In 2020, the university launched an updated vision on Global Engagement and Cooperation with Africa, Asia, and Latin America. Co-creation of knowledge through equal partnerships, inclusion and diversity are put forward as important strategies to tackle the global development goals together. Upon the rector’s mandate, this vision text served as the starting point for broad, participative, institution-wide reflection in which more than 150 academic partners, experts, students, and staff participated in various working groups, workshops, and knowledge platforms. This intense two-year feedback and participative process has now resulted in the Strategic Framework for Global Engagement 2022. Building on our tradition of cooperation and solidarity with the Global South, the focus has shifted from an approach of development cooperation to an approach of global engagement with updated perspectives on international partnerships, decolonisation, and critical global citizenship. This framework is well-suited and adds an additional dimension to the broader ambition of an inclusive, diverse and engaged university (see Ethnic Cultural Diversity policies), whilst the Global Minds projects support this process.

Why Global Engagement?

The Strategic Framework was first and foremost inspired by the urgent concern for our common home, where ‘life itself is at stake’ (Achille Mbembe, 2021). We need to shift from a narrow focus on poverty in the Global South to a broad focus on the multidimensional sustainability and justice challenges the world currently faces. Hereby every country becomes a ‘developing’ one, where none can claim to be the universal and undisputed model for the other. The wicked, interconnected, systemic global challenges of our current era call for interconnected solutions, and require a diversity of academic and non-academic knowledges to be mobilised to co-create just and inclusive pathways of change. Therefore, the Eurocentric idea of ‘development cooperation’ must be substituted with equitable multilateral cooperation and international solidarity, hence Global Engagement.


Decolonisation is a central concept in the Strategic Framework, where it is understood not solely as the acknowledgement and redressing of historical injustices, but primarily as the promotion of emancipatory processes that challenge power imbalances, epistemic and non-epistemic injustices, inequalities, and prejudices that persist today in our global society, at our university and universities in general, and within our own minds. As a process, decolonisation requires stimulating open discussions and reflections within the academic community and its worldwide networks, while not shying away from critical self-reflection and questions about inequality and injustices rooted in power. This process is necessary to revitalise international cooperation.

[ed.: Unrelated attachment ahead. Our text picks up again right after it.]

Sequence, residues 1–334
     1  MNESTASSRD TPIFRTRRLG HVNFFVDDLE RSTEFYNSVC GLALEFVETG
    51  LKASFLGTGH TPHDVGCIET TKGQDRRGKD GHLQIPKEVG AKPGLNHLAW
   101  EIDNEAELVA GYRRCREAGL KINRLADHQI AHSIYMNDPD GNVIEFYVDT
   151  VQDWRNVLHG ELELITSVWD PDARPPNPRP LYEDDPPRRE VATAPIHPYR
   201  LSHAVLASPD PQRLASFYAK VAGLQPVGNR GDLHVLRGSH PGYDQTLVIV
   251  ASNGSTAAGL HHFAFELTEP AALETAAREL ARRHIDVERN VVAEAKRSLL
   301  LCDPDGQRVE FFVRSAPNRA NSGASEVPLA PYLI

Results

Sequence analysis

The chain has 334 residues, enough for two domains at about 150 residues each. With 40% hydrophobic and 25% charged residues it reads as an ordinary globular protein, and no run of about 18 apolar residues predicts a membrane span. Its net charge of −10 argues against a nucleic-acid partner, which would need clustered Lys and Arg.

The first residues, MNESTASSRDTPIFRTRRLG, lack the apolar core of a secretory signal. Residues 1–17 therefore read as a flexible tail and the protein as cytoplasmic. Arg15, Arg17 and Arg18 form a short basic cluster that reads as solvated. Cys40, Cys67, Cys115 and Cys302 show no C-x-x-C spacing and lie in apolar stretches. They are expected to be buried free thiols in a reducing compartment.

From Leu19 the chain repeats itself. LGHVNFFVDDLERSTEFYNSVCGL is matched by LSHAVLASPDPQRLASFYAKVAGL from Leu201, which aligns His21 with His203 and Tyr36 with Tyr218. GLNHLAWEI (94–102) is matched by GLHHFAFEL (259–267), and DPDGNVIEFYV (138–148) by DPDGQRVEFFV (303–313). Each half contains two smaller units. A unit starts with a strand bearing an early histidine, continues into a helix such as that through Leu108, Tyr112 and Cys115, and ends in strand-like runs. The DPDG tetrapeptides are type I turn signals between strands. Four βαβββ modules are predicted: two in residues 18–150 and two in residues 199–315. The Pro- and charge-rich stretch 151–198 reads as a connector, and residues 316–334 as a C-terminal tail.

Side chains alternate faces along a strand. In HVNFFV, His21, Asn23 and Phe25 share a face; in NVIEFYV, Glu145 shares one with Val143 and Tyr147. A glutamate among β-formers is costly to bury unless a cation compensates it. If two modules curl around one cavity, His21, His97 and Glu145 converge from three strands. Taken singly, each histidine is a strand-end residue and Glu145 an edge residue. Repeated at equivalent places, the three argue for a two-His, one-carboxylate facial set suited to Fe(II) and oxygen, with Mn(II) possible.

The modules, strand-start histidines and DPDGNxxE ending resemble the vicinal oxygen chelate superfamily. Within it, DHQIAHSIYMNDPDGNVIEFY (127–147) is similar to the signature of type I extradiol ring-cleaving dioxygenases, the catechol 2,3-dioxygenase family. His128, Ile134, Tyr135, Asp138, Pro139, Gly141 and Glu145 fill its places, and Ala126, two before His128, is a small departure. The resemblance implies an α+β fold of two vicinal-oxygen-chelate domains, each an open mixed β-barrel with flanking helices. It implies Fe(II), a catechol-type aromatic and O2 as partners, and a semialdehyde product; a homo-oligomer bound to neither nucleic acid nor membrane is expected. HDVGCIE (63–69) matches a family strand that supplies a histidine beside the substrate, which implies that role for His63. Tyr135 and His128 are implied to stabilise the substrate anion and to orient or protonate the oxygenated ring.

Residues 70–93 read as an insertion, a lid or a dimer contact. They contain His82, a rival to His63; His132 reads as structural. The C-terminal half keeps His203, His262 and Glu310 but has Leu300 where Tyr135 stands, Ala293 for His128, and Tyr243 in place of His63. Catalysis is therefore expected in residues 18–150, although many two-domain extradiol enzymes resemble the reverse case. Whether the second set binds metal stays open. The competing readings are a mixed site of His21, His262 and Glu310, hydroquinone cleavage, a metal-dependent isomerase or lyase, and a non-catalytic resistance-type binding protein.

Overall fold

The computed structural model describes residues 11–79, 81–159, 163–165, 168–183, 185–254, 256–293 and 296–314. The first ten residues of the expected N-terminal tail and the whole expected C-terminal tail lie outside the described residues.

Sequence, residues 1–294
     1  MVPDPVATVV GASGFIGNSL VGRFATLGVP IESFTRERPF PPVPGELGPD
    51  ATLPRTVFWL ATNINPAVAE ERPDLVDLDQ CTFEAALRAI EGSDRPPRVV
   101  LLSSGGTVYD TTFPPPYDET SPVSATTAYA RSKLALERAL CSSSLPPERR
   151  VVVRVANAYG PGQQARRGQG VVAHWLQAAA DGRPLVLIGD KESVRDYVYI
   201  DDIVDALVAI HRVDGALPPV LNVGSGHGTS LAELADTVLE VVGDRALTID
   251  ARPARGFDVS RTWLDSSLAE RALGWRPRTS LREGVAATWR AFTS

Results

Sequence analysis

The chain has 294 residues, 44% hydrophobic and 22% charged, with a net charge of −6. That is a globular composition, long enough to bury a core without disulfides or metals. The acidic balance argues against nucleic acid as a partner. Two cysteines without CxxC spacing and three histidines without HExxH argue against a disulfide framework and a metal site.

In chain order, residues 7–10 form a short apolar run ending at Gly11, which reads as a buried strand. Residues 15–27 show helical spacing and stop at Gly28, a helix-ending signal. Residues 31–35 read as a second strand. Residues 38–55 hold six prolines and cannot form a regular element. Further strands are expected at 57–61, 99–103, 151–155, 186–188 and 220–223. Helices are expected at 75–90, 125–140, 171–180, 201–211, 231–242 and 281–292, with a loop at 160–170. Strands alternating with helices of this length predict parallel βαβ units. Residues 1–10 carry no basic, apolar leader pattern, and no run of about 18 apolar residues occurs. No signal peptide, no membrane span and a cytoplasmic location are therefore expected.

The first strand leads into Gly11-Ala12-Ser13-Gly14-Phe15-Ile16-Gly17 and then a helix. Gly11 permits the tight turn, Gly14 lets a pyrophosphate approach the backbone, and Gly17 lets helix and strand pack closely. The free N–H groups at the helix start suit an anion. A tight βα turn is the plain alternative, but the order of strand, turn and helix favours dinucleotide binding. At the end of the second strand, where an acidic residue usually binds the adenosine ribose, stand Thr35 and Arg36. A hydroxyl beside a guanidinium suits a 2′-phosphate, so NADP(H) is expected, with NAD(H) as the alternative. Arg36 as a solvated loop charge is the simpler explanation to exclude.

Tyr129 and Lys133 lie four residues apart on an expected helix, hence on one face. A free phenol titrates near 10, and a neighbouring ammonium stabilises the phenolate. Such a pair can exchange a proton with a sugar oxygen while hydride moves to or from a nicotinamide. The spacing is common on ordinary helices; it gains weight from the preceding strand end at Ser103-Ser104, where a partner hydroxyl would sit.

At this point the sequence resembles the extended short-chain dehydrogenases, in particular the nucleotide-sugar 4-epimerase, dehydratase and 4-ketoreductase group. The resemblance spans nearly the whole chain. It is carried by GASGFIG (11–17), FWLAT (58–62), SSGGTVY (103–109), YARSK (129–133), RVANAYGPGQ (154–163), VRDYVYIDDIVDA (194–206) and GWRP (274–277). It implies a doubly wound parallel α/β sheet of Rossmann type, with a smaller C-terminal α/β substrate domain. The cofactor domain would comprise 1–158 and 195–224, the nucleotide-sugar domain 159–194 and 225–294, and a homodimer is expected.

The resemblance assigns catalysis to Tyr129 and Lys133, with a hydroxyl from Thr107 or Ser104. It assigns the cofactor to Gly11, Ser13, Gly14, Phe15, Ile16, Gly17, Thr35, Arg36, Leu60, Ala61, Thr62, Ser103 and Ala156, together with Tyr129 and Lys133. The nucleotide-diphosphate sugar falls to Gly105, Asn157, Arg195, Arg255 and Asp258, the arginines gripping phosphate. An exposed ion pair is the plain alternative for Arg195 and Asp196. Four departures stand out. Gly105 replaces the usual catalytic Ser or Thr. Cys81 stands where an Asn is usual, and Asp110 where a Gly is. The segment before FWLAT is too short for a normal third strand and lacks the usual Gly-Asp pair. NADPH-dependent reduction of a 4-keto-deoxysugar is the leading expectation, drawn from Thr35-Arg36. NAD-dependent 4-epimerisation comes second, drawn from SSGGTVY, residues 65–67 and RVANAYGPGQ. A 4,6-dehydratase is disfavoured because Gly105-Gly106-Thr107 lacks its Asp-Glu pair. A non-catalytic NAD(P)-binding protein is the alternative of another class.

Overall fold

‘Decolonisation is the liberation of reason itself from colonisation’ – Sabelo Ndlovu-Gatsheni

Despite its complexity and sometimes contestation, decolonisation is a precondition for an inclusive, just, equitable and globally connected university (See broader vision for more background information). This process requires efforts from all of us (without losing ourselves in fault, guilt, or accusations), asking all of us to be courageous and ambitious within various university domains, ranging from (1) education, to (2) research, and (3) international partnerships. Please note that the actions described below are examples of possible actions and that this is not an exhaustive list, nor has it been worked out in detail.

(1) Education and curriculum

Goal: striving towards inclusive global citizenship skills and attitudes, moving beyond intercultural skills, including issues around power dynamics, injustices, and privileges. To function as ethical changemakers, one must be able to analyse global injustices and inequalities, while being confidently aware of one’s inevitable positionality and the possible unequal responsibilities towards co-creation and solidarity.

  • Address the reality, consequences and ways to overcome colonialism and coloniality within the curriculum, both in existing study programmes and as well as new stand-alone study programmes. Be careful not to universalise Eurocentric knowledge but rather be aware of the specific situatedness of any knowledge and its application, acknowledging and promoting a diversity of knowledge sources without abandoning scientific standards.